House Plants: A Map of the Urban Jungle
As frequent fliers around the world have been under some sort of isolation or quarantine order as restricted in their jurisdiction by a government entity — or, perhaps, did so voluntarily — instead of traveling due to the current 2019 Novel Coronavirus pandemic, they have become far more acquainted with the surroundings inside of their homes…
House Plants: A Map of the Urban Jungle
…and those surroundings may include houseplants, which have been taking over the interiors of the world — and they are taking over Instagram as well.
Our little green — and pink and yellow and red — friends are perfect companions for urban life in the 21st century. A potted plant is good company, something to look after — an exotic pet that will not incur the wrath of your landlord — and plants are good for your mental health, which is certainly helpful if you have to spend a lot of time stuck indoors at the moment.
Indoor plants and flowers are ripe for photographing, too. Vivid color, shape, and texture abound — all from natural materials! — and rhizomatic plant patterns are the perfect antidote to the sameness of urban spaces. Every houseplant is unique — so the potential for Instagram posts is infinite.
This article from Budget Direct highlights who and where are the #urbanjungle influencers — as well as how does their indoor garden grow. Using data which was “scraped” from Instagram, a map of the world regions that use the #urbanjungle hashtag the most was created — then the most tagged houseplant varieties to find out what everyone is growing at home was searched.
I have been given express written permission to use the illustrations and the verbatim text from the aforementioned article in this article; so let us take a break from the news of the day and plant a little fun in our lives.
A Map of the #UrbanJungle
Europe is the indoor garden of the world. We found nearly 17,000 posts with the #urbanjungle tag whose location data placed them in Europe, next to 9,402 for North America. Germany, the UK, and France are the top three countries in Europe for houseplant selfies. However, the United States is the leading country in the world, with nearly twice the number of pictures shared in second-place Brazil.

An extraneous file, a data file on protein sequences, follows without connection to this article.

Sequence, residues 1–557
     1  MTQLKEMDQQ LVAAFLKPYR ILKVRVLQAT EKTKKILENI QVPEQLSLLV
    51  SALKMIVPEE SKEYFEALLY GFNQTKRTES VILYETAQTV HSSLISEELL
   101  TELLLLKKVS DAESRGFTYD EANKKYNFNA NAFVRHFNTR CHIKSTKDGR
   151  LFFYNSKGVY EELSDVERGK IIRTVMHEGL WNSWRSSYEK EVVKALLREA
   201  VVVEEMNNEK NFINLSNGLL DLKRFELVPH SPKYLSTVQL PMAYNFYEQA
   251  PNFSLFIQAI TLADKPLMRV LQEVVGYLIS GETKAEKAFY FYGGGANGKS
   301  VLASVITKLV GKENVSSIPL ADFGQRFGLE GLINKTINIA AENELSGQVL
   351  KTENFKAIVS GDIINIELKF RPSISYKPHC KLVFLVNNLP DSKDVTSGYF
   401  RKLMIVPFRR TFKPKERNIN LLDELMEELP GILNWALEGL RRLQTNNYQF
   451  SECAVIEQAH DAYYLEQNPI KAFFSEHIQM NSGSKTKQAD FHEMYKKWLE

Three cities lay claim to being the capital of urban jungles: NYC, London, and Berlin were the only places with more than 1,000 posts each. Are these the hippest places in the world, the most aesthetically discerning, or are their citizens just trying to escape the smog?
Kings of the #UrbanJungle
They’re the jungle VIPs: the top 10 influencers on houseplant Instagram. We checked out which Instagram accounts were responsible for the most popular posts for a range of gardening tags, including #houseplants, #houseplantsofinstagram, #houseplantsmakemehappy, and — of course — #urbanjungle. We didn’t include plant shops and businesses or re-posting accounts like @houseofplantlovers.
Here are the top 10 houseplant influencers on Instagram:
- @houseplantjournal (Darryl Cheng, Canada)
- @thepottedjungle (The Potted Jungle, USA)
- @hiltoncarter (Hilton Carter, USA)
- @jamiesjungle (Jamie Song, UK)
- @dabito (Dabito, USA)
- @idrinkandigrowthings (Eunice Hernandez, USA)
- @meeschmid_plantlady (Mee Schmid, Switzerland)
- @homesteadbrooklyn (Summer Rayne, USA)
- @jenssuccs (Jen Tao, USA)
- @plantsandcollecting (Seija Margareta, Finland)
The number one urban jungle influencer is Darryl Cheng. Cheng has amassed over 430,000 followers with his friendly, accessible tone, and helpful answers to his followers’ questions. The runner-up is @thepottedjungle, a “San Diego plantaholic with a love for all things green.” According to our study, if you want to become an #urbanjungle influencer, you need a blend of houseplant knowledge, interior design flair, and friendliness. And don’t forget to water yourself daily.
The Top Houseplants Instagram
Next, we identified the plants most commonly photographed by Instagram’s greenery experts. How did we decide who is an expert? We searched only for hashtags that included each plant’s botanical name (rather than its common name). Here are the top three in the categories of foliage, flowering, and cacti/succulent plants.
Cacti and Succulents of Instagram
Succulents, including the popular subcategory of cacti (any succulent with areoles), are popular houseplants because they are reputedly hard to kill. But to understand succulents, you must first understand the desert! If you make the common mistake of watering your cactus every day or positioning it in a gloomy area of the room, you’ll never have a plant worthy of Instagram.
Euphoric #echeveria is the number one houseplant on Instagram, with over a million pictures. It’s not hard to see why: the perennial’s plush leaves radiate in rows from the centre, forming the kind geometric patterns the Instagram format loves. You can find over 1,000 varieties of this cactus in all sorts of colours and a variety of shapes and textures. Your echeveria is as personal to you as your fingerprint.